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Mexichem withdraws from Pemex vinyl chloride joint venture

By: Stephen Downer

November 26, 2012

MEXICO CITY (Nov. 26, 11:40 a.m. ET) — Mexico’s plastics industry association, Anipac, has reacted with dismay to the news that Mexichem has withdrawn from a proposed $556 million vinyl chloride monomer-producing joint venture with state oil company Petróleos Mexicanos (Pemex).

“Without a doubt this is very unfortunate news for the country,” José Anselmo del Cueto Gracia, Anipac’s president told Plastics News by email Nov. 26. He put the total investment at $1 billion and added that the money “that could have been invested in Mexico will go elsewhere.”

Del Cueto lamented the loss of many jobs that would have been created had the project gone ahead, adding: “We hope the new administration (of President Enrique Peña Nieto) will give this project the priority it deserves.”

Mexichem SAB de CV, Latin America’s largest manufacturer of PVC pipe, vinyl resins and compounds, withdrew from the venture November 22 after expressing its exasperation at Pemex’s failure to finalize the deal.

In a filing with the Mexican Stock Exchange, Mexichem, of Tlalnepantla, Mexico, blamed the “constant delays by Pemex” in backing the undertaking, approved by Mexico’s federal antitrust authority (Comisión Federal de Competencia) in October 2011.

It would instead “give priority” to what it described as “its vertical integration plan outside Mexico,” it said. In other words it would invest the money set aside for the project with Pemex in a country other than Mexico.

“Mexichem,” it added, “will continue with its strategy of solid and profitable growth, despite not being able to count on this public-private sector partnership which would modernize our country’s (Mexico’s) petrochemical industry and allow for true growth in a sector which plays such an essential role in Mexico’s economy.”

A Pemex spokesman had no comment on Nov. 23.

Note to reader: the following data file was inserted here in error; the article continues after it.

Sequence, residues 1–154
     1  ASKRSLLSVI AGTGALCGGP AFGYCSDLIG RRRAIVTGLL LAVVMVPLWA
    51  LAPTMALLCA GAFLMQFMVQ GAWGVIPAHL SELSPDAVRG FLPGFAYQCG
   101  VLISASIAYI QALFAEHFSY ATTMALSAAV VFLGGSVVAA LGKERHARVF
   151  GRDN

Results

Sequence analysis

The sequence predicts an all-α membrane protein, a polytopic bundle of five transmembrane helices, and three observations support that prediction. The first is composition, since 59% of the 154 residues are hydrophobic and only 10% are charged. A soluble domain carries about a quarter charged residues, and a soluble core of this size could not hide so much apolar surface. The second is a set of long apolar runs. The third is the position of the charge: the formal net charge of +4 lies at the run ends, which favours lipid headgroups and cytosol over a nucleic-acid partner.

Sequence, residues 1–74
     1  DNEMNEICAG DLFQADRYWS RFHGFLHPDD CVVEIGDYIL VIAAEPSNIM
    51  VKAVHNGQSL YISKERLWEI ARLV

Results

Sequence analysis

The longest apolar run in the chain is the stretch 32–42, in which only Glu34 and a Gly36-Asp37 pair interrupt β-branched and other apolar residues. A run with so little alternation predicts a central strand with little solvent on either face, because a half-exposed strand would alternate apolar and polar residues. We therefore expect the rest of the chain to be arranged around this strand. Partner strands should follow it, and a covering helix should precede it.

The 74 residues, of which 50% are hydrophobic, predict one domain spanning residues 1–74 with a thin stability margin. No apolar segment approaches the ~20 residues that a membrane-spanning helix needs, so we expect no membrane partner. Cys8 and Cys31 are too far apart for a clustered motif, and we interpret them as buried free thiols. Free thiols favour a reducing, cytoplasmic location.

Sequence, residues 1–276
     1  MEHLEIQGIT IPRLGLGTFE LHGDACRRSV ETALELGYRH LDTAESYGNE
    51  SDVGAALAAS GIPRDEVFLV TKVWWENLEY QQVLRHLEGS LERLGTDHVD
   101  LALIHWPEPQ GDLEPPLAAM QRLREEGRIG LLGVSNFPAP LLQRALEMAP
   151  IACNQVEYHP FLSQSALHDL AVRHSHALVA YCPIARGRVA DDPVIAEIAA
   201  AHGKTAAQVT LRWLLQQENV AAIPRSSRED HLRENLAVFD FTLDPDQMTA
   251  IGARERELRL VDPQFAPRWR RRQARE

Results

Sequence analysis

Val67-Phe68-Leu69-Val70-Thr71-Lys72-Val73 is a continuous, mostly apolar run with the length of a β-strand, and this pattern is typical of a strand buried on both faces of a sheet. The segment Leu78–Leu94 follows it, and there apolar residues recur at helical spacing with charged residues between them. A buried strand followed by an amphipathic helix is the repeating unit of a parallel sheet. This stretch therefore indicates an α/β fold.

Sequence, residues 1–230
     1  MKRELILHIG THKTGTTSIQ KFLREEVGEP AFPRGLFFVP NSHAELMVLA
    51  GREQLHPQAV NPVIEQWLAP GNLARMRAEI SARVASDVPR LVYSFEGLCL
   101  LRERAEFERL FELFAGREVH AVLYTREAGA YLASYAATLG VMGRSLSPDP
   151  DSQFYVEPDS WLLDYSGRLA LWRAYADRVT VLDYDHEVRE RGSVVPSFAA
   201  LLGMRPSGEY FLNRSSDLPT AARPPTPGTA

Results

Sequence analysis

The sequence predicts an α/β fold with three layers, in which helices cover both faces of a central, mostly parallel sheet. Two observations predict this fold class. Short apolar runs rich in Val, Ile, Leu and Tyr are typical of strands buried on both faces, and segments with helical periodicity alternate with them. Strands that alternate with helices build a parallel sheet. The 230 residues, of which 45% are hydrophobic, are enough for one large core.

But Del Cueto said it was “strategically important” for Mexichem, as Mexico’s main producer of PVC resins, to reduce its costs and increase its production capacity to enable it to offer raw materials to processors at accessible prices.

“From the point of view of the processor, this announcement complicates even more the panorama for obtaining raw materials at competitive prices, which could have meant that the industry no longer lost market share to imported finished products.”

He said that imports of end products made from PVC had had a detrimental effect on sectors such as construction in recent years because competitively priced raw materials were in short supply.

Juan José Suárez Coppel, Pemex’s managing director, told reporters as recently as late September that the proposed joint venture with Mexichem was “very important.” He hoped Pemex’s board of directors would approve it soon.

In July 2011, Mexican consultant Eduardo de la Tijera Coeto said that, if the deal went ahead, “Mexichem will become a very solid company while Pemex’s VCM business, which has been very weak, will become stronger and more profitable thanks to the influence of Mexichem. My impression is that it is a win-win situation for both Mexichem and Pemex.”

“The significance of this,” he added, “is that the vinyl chain in Mexico will be fully integrated. It will very much resemble the way the U.S. vinyl industry is organized.”

Another consultant, Rina Quijada, CEO of market intelligence company IntelliChem Inc, of Houston, Texas, said in a separate interview last year that Pemex used only 50 percent of the installed production capacity of 400,000 tons per year at its VCM plant in Pajaritos, Veracruz state.

But De la Tijera, managing director of Grupo Texne, of Mexico City, pointed out that it was not because of low demand “but because of production limitations. The significance of the (proposed) new deal is that additional capital will be invested to make Pajaritos work.

“That means investment in modernizing some of the facilities, such as some of the furnaces, and improving inter-connection between different units. I’m sure some new engineering design will be needed.”

Mexichem’s withdrawal from the project came nine days before the end of the six-year administration of President Felipe Calderón.

Mexichem executives may have thought there was no guarantee the new government, headed by Peña Nieto, of the opposition PRI party, would approve the project. And, even if the new administration favored a deal, final approval was likely to have taken time.